Philadelphia Inquirer (Philadelphia, Pennsylvania), 3 July 1904, page 5

Fireworks Aren’t Just for the 4th of July

While fireworks are probably most associated with the Fourth of July, then as now they are set off for other celebratory occasions or events. State fairs, amusements parks and baseball stadiums all use fireworks as a way to make a day out more memorable.

fireworks ad for the Utah State Fair, Salt Lake Telegram newspaper advertisement 27 September 1917

Salt Lake Telegram (Salt Lake City, Utah), 27 September 1917, page 13

Our ancestors even used fireworks to commemorate Christmas. In this advertisement for Christmas trees, fireworks feature prominently—a combination many of us would find odd today.

ad for Christmas trees and fireworks, Charleston News and Courier newspaper advertisement 3 January 1895

Charleston News and Courier (Charleston, South Carolina), 3 January 1895, page 4

Fireworks have helped us celebrate occasions throughout our country’s history. Read more about how your ancestor’s hometown celebrations played out by searching in GenealogyBank’s Historical Newspaper Archives.

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*From the National Park Service webpage “National Mall Independence Day Celebration” at http://www.nps.gov/foju/historyandculture.htm. Accessed 2 July 2014.
**From the A&E History webpage “Fireworks’ Vibrant History” by Jennie Cohen at http://www.history.com/news/fireworks-vibrant-history. Accessed 2 July 2014.

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Fourth of July Trivia: Quiz Your History IQ

Introduction: Mary Harrell-Sesniak is a genealogist, author and editor with a strong technology background. In this guest blog post, to add to your Fourth of July celebrations, Mary presents a fun quiz of Independence Day and Founding Fathers trivia.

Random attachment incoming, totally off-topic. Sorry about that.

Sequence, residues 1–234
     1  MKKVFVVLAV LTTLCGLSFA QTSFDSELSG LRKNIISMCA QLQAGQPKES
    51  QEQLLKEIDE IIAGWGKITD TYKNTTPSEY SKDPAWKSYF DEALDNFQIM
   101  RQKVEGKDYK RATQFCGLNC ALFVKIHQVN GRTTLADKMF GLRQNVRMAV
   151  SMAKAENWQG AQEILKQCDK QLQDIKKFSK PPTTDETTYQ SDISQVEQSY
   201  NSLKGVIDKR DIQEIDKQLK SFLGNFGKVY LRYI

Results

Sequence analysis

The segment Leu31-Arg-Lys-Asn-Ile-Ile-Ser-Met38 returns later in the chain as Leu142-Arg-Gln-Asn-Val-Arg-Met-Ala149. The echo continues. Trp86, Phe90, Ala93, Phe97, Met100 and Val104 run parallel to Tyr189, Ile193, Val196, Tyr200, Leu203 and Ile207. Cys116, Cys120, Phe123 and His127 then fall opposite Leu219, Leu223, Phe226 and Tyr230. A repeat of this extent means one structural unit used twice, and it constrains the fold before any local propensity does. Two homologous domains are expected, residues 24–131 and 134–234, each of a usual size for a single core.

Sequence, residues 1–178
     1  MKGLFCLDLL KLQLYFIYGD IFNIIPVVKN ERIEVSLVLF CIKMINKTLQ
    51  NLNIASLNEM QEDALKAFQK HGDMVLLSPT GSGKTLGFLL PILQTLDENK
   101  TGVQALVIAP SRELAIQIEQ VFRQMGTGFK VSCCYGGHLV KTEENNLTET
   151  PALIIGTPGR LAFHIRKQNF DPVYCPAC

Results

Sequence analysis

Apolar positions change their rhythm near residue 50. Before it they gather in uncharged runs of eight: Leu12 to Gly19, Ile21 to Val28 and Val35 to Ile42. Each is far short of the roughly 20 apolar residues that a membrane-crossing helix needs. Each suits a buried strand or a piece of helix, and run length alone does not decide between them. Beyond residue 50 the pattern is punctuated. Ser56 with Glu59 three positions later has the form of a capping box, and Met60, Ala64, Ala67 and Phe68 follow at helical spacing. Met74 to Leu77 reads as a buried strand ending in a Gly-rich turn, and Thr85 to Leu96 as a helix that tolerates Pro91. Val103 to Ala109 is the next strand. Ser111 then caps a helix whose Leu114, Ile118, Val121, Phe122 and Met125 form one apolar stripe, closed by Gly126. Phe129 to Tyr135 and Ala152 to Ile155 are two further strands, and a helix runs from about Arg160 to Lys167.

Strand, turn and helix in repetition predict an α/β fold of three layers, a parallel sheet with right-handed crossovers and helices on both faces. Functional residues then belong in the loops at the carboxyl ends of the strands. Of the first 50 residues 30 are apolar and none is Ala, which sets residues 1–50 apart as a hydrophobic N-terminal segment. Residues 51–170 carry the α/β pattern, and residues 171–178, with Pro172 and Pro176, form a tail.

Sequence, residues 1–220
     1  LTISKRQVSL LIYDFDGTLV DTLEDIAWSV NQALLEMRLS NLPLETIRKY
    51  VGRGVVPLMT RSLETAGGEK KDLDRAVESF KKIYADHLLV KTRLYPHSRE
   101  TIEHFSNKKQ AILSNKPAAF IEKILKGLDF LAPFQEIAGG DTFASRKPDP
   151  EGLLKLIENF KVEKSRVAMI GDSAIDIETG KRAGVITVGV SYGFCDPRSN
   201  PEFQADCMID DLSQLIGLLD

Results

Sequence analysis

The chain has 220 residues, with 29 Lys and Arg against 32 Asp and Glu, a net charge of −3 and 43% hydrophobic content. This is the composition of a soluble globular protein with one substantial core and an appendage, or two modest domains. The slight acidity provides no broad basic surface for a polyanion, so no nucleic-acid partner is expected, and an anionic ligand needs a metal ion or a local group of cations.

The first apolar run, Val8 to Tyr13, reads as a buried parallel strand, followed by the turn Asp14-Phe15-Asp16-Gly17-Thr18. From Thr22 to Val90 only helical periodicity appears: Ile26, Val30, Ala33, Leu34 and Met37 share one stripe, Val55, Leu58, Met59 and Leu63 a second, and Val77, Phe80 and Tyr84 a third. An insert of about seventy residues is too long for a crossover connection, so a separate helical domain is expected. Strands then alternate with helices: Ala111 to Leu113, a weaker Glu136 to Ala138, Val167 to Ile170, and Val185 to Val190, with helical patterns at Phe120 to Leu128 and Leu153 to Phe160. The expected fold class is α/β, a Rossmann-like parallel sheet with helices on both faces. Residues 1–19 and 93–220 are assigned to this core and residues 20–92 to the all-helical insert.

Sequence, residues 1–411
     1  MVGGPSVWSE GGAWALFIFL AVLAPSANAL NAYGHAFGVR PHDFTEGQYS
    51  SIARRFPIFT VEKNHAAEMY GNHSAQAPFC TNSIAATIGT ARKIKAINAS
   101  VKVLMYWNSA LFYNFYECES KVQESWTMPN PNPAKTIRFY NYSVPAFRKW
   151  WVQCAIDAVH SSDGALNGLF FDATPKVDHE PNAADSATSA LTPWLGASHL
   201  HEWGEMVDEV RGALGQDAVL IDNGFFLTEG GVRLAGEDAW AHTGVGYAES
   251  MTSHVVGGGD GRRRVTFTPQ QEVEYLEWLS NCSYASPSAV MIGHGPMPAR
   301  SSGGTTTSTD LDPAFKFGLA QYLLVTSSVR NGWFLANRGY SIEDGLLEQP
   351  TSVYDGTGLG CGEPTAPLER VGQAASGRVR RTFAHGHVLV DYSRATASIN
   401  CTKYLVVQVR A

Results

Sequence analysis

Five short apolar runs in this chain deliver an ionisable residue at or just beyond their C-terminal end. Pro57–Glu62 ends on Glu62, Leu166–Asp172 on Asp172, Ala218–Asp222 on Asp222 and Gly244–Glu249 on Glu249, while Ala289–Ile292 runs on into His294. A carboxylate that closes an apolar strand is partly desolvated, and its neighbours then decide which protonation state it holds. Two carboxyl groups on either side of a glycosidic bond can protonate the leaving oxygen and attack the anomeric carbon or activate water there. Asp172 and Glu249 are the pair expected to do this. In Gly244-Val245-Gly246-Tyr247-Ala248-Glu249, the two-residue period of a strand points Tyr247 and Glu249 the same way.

As 4th of July celebrations are more American than apple pie, I thought our GenealogyBank Blog readers might enjoy an Independence Day trivia quiz.

photo of fireworks behind the Washington Monument, 4 July 1986

Photo: fireworks behind the Washington Monument, 4 July 1986. Credit: Lono Kollars; Wikimedia Commons.

Perhaps the more historical-minded genealogists already know the answers, but if not, try figuring out these questions about July 4th on your own. Some answers may surprise you. (The answers are shown below.)

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1) What year were fireworks first used to celebrate the 4th of July?

A) 1776
B) 1777
C) 1826
D) 1876

2) Why were captured enemy Hessians allowed to participate in the celebrations at Philadelphia on the 4th of July in 1777?

A) The American troops wished to raise morale by humiliating them.
B) They were waiters who served food to the American officers.
C) They were talented musicians.
D) Their capture and subsequent parading through Philadelphia was reenacted.

3) How many rockets were shot in celebration on that glorious day in 1777?